3) Despite telling me everything was good to go, my card was not good to go. However, there was nothing that would have informed the average customer service rep that #2 had occurred. I, in fact, had to specifically ask to talk to a supervisor to get an answer.
4) Citibank didn't see fit to contact me (such as via phone, which they have on file, since they were limiting my PIN resets to that number) and tell me that a) the PIN was disabled, or b) that mail to me had been returned.
5) There was absolutely nothing the customer service supervisor could do to assist me to get the PIN re-enabled, even though I had done everything asked of me up to make sure it was ready to go for the trip.
In the end, I had to get a cash advance from Travelex at the airport in order to get us on our way. I then contacted my home bank and made use of my ATM/Debit card to withdraw money on a later occasion. It turned out later that the cash exchanges outside the airport actually did a credit card charge (instead of a cash advance), saving me money. If only I had known.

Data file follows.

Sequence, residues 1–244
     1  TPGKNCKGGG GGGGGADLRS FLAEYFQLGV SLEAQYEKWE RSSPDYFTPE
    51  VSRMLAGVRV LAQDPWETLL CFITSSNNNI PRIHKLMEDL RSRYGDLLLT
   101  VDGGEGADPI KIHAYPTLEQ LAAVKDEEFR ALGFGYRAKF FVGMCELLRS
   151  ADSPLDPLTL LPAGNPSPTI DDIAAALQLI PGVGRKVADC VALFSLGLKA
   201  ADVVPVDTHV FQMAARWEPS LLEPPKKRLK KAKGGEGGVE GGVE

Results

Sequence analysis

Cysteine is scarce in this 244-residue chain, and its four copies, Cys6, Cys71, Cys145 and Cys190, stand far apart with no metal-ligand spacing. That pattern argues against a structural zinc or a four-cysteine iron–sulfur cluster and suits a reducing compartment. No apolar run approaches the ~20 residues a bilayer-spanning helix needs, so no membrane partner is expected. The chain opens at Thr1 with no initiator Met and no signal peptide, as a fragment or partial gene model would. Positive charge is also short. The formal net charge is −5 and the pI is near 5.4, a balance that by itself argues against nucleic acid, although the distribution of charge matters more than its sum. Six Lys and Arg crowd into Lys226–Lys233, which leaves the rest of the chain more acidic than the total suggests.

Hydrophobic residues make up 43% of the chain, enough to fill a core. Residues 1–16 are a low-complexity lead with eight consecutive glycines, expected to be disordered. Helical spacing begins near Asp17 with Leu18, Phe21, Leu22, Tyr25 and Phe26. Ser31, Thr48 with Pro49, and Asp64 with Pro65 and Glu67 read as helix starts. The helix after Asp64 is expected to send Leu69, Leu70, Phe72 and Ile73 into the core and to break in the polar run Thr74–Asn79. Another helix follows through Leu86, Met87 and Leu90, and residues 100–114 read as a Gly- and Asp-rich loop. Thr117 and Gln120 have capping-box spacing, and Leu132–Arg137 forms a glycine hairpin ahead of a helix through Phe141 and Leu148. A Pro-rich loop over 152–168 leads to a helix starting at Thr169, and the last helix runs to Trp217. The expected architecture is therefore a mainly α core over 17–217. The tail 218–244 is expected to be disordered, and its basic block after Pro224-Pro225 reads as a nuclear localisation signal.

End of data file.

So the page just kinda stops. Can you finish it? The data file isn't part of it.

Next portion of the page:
We finally arrived at the hotel after a disorienting and boring (well, visually - not traffic wise!) ride into Rome from the airport. We arrived around 2pm (after waiting what seemed like ages for our luggage). After settling in and freshening up, we asked at the front desk how to get to downtown Rome to do some sightseeing. This is where we reach Contiki disappointment #1:
We've since read that Contiki has a bit of a bad reputation as a party tour, and thus is not able to get nicer hotels in prime locations. As such, most tours end up with hotels well away from the main centers, which greatly inconveniences the tour group. For us, this played out both in Rome and Sorrento.
The front desk staff didn't seem to speak much English, but instead gave us a photocopied set of directions about which buses could go to where. This, of course, meant nothing to us. Walking was absolutely out of the question (no sidewalks and crazy traffic). We were quite frustrated. If we'd had a hotel in a better location, we almost certainly could have spent our first few hours exploring the city. Oh, well.
That night (end of Day 2), we met our tour manager and the rest of the group. Dinner was included after our tour manager, Franco, gave us an extensive run-down on the tour, the expectations, and made us pick our optional excursions asap. We opted into most of the optional dinners and activities, opting out of the Pompeii guided tour (so-so choice - we thought we were going to miss the boat and we should have grabbed a map before we started and, OH YEAH, the entrance fee was included in the guided tour, NOT in the overall RSA tour!) and the Capri tour boat (excellent choice - many folks got seasick, and Blue Grotto was inaccessible due to choppy waters).